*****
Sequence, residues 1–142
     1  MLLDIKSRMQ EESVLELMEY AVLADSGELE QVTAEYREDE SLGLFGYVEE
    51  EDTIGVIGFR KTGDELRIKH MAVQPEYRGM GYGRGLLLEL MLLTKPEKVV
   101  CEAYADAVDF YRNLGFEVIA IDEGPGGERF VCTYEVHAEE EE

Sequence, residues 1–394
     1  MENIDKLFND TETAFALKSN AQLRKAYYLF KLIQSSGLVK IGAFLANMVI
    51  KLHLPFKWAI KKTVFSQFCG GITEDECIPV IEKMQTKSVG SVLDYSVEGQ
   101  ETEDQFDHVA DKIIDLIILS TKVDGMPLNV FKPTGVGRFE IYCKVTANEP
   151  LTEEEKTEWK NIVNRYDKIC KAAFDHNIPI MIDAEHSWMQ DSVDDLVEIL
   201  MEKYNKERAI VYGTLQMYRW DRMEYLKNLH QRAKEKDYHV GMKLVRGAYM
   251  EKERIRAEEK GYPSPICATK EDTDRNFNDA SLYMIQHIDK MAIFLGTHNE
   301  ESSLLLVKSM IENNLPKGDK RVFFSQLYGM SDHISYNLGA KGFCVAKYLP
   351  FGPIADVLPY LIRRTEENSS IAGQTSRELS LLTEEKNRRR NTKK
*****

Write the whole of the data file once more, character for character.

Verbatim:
Sequence, residues 1–142
     1  MLLDIKSRMQ EESVLELMEY AVLADSGELE QVTAEYREDE SLGLFGYVEE
    51  EDTIGVIGFR KTGDELRIKH MAVQPEYRGM GYGRGLLLEL MLLTKPEKVV
   101  CEAYADAVDF YRNLGFEVIA IDEGPGGERF VCTYEVHAEE EE

Sequence, residues 1–394
     1  MENIDKLFND TETAFALKSN AQLRKAYYLF KLIQSSGLVK IGAFLANMVI
    51  KLHLPFKWAI KKTVFSQFCG GITEDECIPV IEKMQTKSVG SVLDYSVEGQ
   101  ETEDQFDHVA DKIIDLIILS TKVDGMPLNV FKPTGVGRFE IYCKVTANEP
   151  LTEEEKTEWK NIVNRYDKIC KAAFDHNIPI MIDAEHSWMQ DSVDDLVEIL
   201  MEKYNKERAI VYGTLQMYRW DRMEYLKNLH QRAKEKDYHV GMKLVRGAYM
   251  EKERIRAEEK GYPSPICATK EDTDRNFNDA SLYMIQHIDK MAIFLGTHNE
   301  ESSLLLVKSM IENNLPKGDK RVFFSQLYGM SDHISYNLGA KGFCVAKYLP
   351  FGPIADVLPY LIRRTEENSS IAGQTSRELS LLTEEKNRRR NTKK